Harewood Mall before and after the renovations
Harewood Mall circa 2003
“University Village” (formerly Harewood Mall) circa 2009
Some cultures believe our bodies and spirits are extensions of a physical place. No matter where we roam our connection to and longing for that place remains intact.
I grew up in Harewood. It’s a neighbourhood located on a plateau just up the hill from Nanaimo’s downtown core. It’s a place alive and well in my memory and imagination.
It began as a mining community in the 1860s. Later, it was divided into five acre parcels of farm land and sold to miners who could make a living off of farming when the market for coal was down.
After WWII most of the farms were subdivided into residential lots. Several schools, shops, townhouses and community centres were added in the years to follow.
Harewood has always been a solidly working class/low-income neighbourhood. It still retains that strong community identity and network lacking in other parts of the city. Most of Nanaimo is just non-descript strip malls and pavement. With its eclectic houses and gravel sidewalks Harewood is a community without a hint of pretence or grandeur.
It’s pretty much the same now as it was in the late ‘70s and early ’80s. It certainly hasn’t changed much in my lifetime.
But that’s about to change.
Harewood has a little “downtown” area if you will, which is comprised of a few mini-strip malls and a little indoor mall anchored by Value Village called Harewood Mall. It’s the heart of the community. It’s a rather dumpy little plaza fished from a bad ‘70s movie.
Harewood from the air. Harewood Mall is the big grey building in the centre.
Developers, however, are ripping it down and rebuilding it as “University Village” in an effort to lure students from the nearby university. Gone is the old Robin’s Donuts with its brick walls, captain’s chairs and smokey doughnuts.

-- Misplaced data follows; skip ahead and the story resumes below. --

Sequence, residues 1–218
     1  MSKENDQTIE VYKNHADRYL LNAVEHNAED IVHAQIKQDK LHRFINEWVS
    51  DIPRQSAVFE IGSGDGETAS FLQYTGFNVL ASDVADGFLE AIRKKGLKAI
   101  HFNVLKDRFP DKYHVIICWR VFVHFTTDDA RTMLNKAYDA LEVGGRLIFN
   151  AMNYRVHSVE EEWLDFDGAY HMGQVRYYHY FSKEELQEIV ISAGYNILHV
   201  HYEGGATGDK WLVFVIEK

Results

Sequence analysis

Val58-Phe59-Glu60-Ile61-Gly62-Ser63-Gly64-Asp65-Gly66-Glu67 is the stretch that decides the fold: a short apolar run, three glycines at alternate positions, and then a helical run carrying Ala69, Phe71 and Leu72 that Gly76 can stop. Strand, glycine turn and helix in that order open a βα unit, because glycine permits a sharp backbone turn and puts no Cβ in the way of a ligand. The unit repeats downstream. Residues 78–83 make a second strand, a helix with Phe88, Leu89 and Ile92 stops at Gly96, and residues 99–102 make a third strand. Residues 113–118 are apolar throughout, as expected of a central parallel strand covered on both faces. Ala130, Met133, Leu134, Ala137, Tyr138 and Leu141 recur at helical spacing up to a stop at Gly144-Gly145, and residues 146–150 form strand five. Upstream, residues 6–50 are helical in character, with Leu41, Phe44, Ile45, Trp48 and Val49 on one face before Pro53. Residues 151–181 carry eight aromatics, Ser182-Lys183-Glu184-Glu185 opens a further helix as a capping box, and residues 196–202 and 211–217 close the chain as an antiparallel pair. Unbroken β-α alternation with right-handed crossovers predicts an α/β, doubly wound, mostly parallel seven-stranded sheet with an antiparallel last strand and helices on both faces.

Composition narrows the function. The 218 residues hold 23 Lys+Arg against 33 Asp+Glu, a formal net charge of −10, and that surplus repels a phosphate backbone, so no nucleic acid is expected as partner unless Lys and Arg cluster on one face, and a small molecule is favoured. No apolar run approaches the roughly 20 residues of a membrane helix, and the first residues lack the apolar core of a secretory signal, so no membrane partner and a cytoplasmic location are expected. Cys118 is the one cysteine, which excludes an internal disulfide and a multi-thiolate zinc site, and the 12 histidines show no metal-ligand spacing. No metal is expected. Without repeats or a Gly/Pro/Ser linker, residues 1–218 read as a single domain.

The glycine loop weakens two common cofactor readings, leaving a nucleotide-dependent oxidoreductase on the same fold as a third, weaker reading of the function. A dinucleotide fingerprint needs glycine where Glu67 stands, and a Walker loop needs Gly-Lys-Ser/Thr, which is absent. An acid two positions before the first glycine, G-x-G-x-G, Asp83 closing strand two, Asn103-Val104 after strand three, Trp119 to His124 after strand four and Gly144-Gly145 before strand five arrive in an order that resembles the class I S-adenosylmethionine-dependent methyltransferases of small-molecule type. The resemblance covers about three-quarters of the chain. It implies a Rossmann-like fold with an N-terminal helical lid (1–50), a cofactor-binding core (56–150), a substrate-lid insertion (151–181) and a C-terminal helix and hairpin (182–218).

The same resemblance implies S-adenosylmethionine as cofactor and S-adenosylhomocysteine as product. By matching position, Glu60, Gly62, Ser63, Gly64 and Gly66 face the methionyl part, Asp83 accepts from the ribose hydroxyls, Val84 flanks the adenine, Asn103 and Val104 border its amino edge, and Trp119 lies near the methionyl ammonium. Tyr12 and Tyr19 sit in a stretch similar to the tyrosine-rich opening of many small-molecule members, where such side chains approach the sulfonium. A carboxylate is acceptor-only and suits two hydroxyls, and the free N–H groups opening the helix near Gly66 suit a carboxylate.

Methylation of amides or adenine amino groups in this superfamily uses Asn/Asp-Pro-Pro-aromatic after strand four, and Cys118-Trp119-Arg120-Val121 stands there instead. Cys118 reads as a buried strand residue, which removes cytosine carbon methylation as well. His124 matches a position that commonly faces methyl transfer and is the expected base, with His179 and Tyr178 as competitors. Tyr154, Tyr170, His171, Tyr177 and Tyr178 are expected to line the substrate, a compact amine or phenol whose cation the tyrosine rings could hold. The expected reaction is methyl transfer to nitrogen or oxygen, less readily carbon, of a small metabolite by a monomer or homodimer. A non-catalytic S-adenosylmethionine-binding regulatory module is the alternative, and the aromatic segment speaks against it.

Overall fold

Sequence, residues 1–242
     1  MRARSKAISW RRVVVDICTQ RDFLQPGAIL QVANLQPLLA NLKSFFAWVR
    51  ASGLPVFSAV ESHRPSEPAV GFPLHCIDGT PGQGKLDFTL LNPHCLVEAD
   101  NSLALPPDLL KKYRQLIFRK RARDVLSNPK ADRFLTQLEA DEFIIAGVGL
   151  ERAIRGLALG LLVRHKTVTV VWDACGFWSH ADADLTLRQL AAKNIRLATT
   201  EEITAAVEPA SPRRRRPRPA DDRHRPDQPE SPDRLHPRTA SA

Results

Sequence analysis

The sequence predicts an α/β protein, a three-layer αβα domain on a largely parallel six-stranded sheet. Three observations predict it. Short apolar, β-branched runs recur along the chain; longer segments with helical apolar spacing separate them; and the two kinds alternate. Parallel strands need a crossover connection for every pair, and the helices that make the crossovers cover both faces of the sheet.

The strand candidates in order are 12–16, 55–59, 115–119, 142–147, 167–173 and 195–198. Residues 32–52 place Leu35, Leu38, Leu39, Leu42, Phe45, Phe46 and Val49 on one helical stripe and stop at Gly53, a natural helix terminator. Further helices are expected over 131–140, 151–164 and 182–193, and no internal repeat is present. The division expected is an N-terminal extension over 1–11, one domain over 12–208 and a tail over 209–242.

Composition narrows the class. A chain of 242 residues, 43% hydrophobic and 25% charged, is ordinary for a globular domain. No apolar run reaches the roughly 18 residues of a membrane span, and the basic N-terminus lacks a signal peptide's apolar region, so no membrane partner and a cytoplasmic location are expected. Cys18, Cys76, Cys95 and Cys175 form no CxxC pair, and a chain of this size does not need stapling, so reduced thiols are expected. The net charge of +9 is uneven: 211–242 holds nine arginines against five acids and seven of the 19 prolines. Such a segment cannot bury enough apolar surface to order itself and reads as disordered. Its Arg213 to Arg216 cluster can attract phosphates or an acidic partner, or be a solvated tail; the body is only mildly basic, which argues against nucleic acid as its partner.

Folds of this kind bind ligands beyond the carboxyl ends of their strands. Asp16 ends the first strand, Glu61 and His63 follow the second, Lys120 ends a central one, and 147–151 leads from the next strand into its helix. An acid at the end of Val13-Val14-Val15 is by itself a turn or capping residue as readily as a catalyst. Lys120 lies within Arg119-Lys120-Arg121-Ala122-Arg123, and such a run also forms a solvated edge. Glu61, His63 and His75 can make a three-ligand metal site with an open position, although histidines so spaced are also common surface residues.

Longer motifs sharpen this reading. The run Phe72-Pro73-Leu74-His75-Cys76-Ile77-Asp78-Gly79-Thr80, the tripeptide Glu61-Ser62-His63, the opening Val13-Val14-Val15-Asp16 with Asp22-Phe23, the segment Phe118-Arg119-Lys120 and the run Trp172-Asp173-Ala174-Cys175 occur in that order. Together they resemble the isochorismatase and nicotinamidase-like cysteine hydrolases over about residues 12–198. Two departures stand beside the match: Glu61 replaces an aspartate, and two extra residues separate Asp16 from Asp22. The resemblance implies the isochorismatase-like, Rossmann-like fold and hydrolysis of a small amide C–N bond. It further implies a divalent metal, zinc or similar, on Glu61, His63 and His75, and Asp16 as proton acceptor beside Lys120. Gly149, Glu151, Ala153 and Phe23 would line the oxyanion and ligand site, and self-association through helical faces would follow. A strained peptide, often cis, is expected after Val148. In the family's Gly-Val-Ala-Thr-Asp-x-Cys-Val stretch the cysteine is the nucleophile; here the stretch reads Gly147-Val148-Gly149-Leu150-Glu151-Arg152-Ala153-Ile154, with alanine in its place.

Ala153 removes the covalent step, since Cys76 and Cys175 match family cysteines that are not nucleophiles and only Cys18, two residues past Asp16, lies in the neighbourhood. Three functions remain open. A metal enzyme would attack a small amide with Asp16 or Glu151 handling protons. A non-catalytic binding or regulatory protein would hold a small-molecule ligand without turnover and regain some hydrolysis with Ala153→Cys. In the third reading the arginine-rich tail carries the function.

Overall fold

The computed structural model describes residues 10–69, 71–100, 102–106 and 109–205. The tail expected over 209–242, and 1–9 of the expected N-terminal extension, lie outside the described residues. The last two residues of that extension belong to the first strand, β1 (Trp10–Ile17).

They’re putting in a Starbucks, (a friggen Starbucks in Harewood), as well as bigger, brighter stores that will no doubt attract a wider variety of people to the neighbourhood. I’m glad that someone saw enough potential in my neighbourhood to make those big changes.
The idea that a familiar, yet slightly depressing and outdated place can get such a big makeover, is uplifting. It’ll be awesome to create new memories in this fresh reconstruction of my old community.
If old Harewood can make this change for the better, I suppose you and I can too.
I’ll close with an excerpt from a story I wrote about The Queen’s 1983 visit to Harewood. This was one of my first published articles:
“Shortly before the royal motorcade passed Harewood Mall, the Canadian flag on the makeshift pole on the mall sign fell down. Without wasting a second one patriotic man picked up the flag and stood on the Harewood mall sign with the flag in his arms. Prince Phillip acknowledged this patriotic act with a slight nod.”